With the 2016 presidential field only beginning to take shape, it might seem too early to guess who will come out on top. But with issues of minimum wage, paid sick days and paid family leave already dominating the national discourse, it's safe to say that the next president will be the candidate who addresses America’s out-of-date workplace policies head on. American voters want someone who will pull our workplaces out of the past and make them reflect the realities of today’s workforce.
It’s hard to believe that women still make just 78 cents on average for every dollar that white men make. This wage gap, one of the most persistent holdovers from a bygone era, robs the average woman and her family of $11,000 in net income each year. It’s even worse for African-American and Latina women, who earn 64 cents and 54 cents, respectively, for every dollar white men make.
Without solutions and the leadership needed to address this problem, we’re not just lagging behind we’re staying behind. At this rate, women in the United States won't see equal pay until 2058. We’re projected to have flying cars and humans on Mars first. No joke.
The challenge with closing the wage gap is that it's hard to do when wages are kept secret. Sometimes sunlight is the best disinfectant. Any candidate who is serious about doing more than just paying lip service to closing the pay gap should consider policies that make pay information more transparent so women know if they’re being paid less. After all, without access to information, how are women to know if they’re making a fair wage?
To be clear, pay transparency does not have to mean disclosing individual salaries; rather employers could make wage information publicly available by job category. Increased pay transparency would complement the important protections of the Paycheck Fairness Act, which is currently before Congress.
For all the bad holdovers from the past lingering in today’s workplace, there is a tried and true solution that is ironically not widely available despite its success: affordable childcare for all working families.
Long gone are the days when men brought home the bacon and women fried it up. Most people now work inside and outside the home, and two-thirds of women are breadwinners for their families. Yet, for many families, childcare costs more than housing and even in-state college tuition. More and more women are opting out of the workplace to care for their children in the face of this incredible financial burden, because in the short term it makes more economic sense. It’s a lose-lose situation for families and the economy to force women or men out of the workforce by putting the impossible choice before them of sacrificing family for work, or work for family. It’s time for the country of family values to start valuing families.
Our country’s next president would do well to make high-quality, flexible care more affordable and accessible for all families. Working families should be guaranteed childcare subsidies that keep the cost of childcare to 10 percent or less of a family’s pay. Public preschool should be available for all 3- and 4-year olds. And people who take time out of the workforce to care for their family members should receive Social Security credits. After all, anyone who's been a full-time caregiver knows just how hard the work is, and how critical it is to the well-being of families and communities.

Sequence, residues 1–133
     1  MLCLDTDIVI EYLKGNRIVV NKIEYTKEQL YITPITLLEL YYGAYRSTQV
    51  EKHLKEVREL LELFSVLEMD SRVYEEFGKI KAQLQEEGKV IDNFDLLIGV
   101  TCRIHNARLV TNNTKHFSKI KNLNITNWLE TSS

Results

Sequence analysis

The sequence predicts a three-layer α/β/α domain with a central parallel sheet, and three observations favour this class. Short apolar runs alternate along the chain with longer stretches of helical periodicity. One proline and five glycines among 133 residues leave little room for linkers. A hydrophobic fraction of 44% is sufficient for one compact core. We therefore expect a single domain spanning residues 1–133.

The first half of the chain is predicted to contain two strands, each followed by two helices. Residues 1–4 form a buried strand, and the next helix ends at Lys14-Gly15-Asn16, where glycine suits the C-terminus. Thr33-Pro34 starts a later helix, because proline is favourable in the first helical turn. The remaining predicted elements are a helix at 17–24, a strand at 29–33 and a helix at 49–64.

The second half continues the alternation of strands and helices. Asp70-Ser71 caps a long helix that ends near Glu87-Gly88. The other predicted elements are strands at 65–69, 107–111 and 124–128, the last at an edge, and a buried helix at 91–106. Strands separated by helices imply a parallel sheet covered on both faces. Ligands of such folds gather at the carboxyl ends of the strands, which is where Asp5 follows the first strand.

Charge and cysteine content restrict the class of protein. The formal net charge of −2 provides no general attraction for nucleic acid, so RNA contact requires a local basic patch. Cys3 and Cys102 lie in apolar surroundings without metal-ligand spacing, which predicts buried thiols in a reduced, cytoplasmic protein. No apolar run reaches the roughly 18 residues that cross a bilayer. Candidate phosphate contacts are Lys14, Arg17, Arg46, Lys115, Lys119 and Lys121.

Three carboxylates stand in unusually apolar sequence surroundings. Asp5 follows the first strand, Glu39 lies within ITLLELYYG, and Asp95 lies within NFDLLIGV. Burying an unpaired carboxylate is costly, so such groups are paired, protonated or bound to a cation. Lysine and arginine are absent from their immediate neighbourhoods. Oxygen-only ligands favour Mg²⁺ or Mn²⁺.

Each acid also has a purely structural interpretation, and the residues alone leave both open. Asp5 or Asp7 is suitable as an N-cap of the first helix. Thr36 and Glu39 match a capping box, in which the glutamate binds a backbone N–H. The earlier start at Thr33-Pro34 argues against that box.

In the postmortem analysis of the 2014 election, the predominant question was why Democrats took such a thumping when issues typically associated with the left -- minimum wage and paid sick days -- won resoundingly at the ballot, and in conservative strongholds at that. Voters in Alaska, Arkansas, Nebraska, South Dakota and Illinois approved an increase in their states’ minimum wage; and more than 1 million workers were guaranteed paid sick days with the passage of state and local referenda. Candidates would be wise to pay attention to the pocketbook issues that are the source of voters’ daily stresses and struggles. Ultimately, strong leadership on those issues is what’s going to motivate voters to the polls.
Earlier this year we conducted polling of likely voters to assess support for affordable childcare, equal pay for equal work, and paid leave. One thing was clear: Whether man or woman, Republican, Democrat or Independent, voters are hungering for workplace policies that reflect the realities of today’s workforce: 75 percent of voters want quality, affordable childcare options available nationally; 93 percent want women and men to receive equal pay for equal work; 88 percent want to ensure all workers can earn paid sick days; and 72 percent think our workplace laws are out of date with the changing roles of men and women.
Our next president has the power -- and the mandate -- to pull America’s workplace policies out of the past. People who work hard deserve more than a decent living; they deserve a decent life. And it’s up to our next president to make sure that's a real possibility for working women, men, and families.
Vivien Labaton is a co-founder and co-director of Make It Work, a campaign to advance economic security for working women, men and families.